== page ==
WHO calls for governments to implement food marketing recommendations


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The World Health Organisation is urging countries to take action to reduce the exposure of food marketing to children by implementing a set of internationally-endorsed measures, the WHO recommendations on food marketing to children, adopted last May by the World Health Assembly (WHA). On Friday, WHO released a press release stating that "Television advertising is responsible for a large share of the marketing of unhealthy foods and, according to systematic reviews of evidence, advertisements influence children's food preferences, purchase requests and consumption patterns." They therefore call on governments to "reduce the exposure of children to marketing messages that promote foods high in saturated fats, trans-fatty acids, free sugars, or salt, and to reduce the use of powerful techniques to market these foods to children." More.

Dr Alan Alwan, WHO's Assistant Director-General for Non-communicable Diseases and Mental Health said that "Implementing these recommendations should be part of broad efforts to prevent unhealthy diets - a key risk factor for several noncommunicable diseases."

These comments come ahead of the UN High-level Meeting of the General Assembly on Non-Communicable Diseases (NCDs) in September 2011 in New York when NCDs will be put on the agenda of heads of state. This is likely to significantly raise the issue of NCDs in government policy-making globally. It will also give WHO an opportunity to showcase the food marketing recommendations to senior political leaders whose responsibilities go far beyond the remit of health.

The press release has resulted in some press coverage here and here:

"WHO officials consulted leading companies in the sector -- Coca-Cola KO.N., Mexico's Grupo Bimbo (BIMBOA.MX), General Mills (GIS.N), Kellogg (K.N), Kraft (KFT.N), McDonald's (MCD.N), Mars, Nestle (NESN.VX), Pepsico (PEP.N), Unilever (UNc.AS) (ULVR.L) and the World Federation of Advertisers.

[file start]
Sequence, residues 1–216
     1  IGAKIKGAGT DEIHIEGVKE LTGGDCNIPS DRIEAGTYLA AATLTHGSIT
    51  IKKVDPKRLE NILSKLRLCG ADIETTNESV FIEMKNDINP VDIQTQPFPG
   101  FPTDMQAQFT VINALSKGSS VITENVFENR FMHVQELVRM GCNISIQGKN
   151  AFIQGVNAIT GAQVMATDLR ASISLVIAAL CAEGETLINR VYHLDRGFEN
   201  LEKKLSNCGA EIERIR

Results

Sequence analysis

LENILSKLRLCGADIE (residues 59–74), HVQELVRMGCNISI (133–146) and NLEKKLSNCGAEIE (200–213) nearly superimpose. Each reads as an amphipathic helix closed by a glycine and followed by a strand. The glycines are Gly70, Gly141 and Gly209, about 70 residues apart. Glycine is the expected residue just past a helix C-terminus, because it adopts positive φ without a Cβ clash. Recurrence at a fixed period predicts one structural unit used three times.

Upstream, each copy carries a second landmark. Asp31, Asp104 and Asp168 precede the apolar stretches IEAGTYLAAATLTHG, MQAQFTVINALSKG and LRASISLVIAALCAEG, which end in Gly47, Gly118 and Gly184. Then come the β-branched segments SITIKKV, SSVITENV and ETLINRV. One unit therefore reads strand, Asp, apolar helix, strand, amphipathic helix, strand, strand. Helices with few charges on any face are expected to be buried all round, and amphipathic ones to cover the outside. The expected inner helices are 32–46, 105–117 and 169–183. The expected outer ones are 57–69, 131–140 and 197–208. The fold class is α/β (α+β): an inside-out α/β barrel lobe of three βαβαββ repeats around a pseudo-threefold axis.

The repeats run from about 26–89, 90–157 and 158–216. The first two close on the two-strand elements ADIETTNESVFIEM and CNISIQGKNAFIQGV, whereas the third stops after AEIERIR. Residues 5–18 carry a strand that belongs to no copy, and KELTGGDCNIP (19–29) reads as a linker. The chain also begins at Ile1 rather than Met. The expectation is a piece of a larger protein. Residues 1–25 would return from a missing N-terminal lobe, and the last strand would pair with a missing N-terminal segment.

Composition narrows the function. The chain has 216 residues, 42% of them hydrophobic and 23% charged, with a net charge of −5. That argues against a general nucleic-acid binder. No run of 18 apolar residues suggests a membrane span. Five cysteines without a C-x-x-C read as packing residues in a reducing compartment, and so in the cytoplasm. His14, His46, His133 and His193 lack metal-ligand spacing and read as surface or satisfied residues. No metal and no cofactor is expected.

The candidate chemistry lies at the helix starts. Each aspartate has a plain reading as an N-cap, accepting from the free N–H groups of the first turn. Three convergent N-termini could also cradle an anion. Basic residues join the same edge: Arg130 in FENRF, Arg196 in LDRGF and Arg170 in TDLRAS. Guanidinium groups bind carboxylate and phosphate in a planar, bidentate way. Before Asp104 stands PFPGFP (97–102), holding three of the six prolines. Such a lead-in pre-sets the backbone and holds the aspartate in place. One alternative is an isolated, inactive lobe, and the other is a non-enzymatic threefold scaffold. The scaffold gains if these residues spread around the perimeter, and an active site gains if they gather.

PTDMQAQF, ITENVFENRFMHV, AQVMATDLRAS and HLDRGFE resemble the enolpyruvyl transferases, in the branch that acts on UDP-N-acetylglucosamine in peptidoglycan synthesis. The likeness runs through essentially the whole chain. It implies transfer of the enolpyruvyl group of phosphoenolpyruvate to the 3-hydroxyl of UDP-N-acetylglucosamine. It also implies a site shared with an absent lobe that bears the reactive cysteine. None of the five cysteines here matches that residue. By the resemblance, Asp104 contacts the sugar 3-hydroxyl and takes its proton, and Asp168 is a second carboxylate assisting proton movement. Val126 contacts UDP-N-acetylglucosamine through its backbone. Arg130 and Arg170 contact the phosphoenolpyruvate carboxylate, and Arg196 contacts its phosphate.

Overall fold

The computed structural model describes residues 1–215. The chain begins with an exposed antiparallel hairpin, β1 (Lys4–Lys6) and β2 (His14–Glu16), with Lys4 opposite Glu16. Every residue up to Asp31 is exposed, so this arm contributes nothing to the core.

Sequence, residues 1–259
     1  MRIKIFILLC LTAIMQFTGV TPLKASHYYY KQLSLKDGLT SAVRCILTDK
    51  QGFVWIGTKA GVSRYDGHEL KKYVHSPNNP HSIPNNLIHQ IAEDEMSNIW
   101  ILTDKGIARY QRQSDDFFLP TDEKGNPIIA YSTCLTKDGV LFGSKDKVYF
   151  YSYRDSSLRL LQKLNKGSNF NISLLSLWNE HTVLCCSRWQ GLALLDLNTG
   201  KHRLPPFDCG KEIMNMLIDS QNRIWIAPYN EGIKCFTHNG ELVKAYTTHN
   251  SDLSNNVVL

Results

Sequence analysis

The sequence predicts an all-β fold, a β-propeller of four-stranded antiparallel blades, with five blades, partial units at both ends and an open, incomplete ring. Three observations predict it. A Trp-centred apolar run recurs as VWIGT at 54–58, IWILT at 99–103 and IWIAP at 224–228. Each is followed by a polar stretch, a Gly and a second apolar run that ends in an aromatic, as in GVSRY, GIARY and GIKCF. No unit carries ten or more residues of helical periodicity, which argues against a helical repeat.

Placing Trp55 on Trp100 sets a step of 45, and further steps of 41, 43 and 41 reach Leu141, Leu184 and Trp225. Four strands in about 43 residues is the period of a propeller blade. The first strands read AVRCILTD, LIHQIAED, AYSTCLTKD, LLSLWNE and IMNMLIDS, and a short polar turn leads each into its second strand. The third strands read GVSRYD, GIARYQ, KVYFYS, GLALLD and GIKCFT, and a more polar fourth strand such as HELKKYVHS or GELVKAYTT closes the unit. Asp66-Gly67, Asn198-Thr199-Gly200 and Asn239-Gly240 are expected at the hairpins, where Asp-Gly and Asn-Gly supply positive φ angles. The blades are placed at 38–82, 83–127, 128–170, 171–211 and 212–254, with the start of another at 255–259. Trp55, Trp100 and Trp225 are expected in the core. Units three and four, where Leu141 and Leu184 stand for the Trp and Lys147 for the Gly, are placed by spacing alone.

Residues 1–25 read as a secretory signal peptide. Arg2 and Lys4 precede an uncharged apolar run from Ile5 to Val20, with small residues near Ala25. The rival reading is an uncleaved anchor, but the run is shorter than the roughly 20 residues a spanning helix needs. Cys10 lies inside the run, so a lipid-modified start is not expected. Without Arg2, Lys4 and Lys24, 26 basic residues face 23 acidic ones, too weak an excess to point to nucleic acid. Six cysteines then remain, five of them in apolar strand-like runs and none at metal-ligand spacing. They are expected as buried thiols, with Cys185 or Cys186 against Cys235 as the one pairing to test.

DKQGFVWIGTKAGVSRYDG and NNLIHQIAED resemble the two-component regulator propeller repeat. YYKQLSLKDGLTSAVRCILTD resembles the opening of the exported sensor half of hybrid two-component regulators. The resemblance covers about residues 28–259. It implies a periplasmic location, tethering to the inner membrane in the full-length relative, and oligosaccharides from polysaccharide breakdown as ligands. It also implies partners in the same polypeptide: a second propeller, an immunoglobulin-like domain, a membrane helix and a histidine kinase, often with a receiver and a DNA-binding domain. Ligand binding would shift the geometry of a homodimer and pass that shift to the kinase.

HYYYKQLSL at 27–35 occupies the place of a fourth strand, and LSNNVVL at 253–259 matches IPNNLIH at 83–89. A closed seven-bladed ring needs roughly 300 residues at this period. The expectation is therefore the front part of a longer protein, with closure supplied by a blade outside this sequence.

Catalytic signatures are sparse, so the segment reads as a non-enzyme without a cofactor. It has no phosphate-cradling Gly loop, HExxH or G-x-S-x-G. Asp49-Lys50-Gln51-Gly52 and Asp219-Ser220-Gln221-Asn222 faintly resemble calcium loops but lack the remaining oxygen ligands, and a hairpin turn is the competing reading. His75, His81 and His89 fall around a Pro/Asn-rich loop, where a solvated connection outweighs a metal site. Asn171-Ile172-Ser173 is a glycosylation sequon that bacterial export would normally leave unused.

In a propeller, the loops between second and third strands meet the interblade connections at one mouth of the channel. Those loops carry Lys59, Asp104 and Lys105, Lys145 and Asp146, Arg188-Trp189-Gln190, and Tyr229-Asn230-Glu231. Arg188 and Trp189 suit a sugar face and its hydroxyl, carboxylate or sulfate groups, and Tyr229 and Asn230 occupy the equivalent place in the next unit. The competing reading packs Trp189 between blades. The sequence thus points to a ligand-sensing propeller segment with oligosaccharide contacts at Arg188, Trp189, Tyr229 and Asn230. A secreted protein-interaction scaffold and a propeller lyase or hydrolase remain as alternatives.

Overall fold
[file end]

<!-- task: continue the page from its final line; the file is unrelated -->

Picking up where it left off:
The companies agreed to draw up a code of conduct and committed not to market unhealthy products to children under the age of 12, he [Tim Armstrong] said. In some markets companies were living up to this pledge.

"There are other markets where perhaps companies are not adopting the same policies in terms of not advertising their products to children," he said. Armstrong declined to name the companies or markets concerned but said the WHO had a sense that companies were not fulfilling their commitment in poor countries in the way that they appeared to be in developed markets.

The different results underlined the importance of governments monitoring the implementation of any agreements reached with the industry. "The concept is that governments must lead this process," he said. It was up to governments to choose the best approach. Some might prefer to legislate a ban on advertising, others could agree independently monitored self-regulation with industry. But the WHO was aware that legislation and enforcement was beyond the capacity of some small, poor states, he said.

"Norway's director-general of health, Dr. Bjorn-Inge Larsen, said much advertising reached children through international television channels, so domestic legislation could be ineffective. Dr. Larsen said governments had a range of options and these recommendations were a first step. Pressure on the companies to curb advertising and ultimately production of the products would grow in the same way as efforts to limit the consumption of tobacco and alcohol had done, he said. (For WHO guidelines go to bit.ly/gkpdH4 ) [Reuters]
For more information, please contact Will Gilroy w.gilroy@wfanet.org

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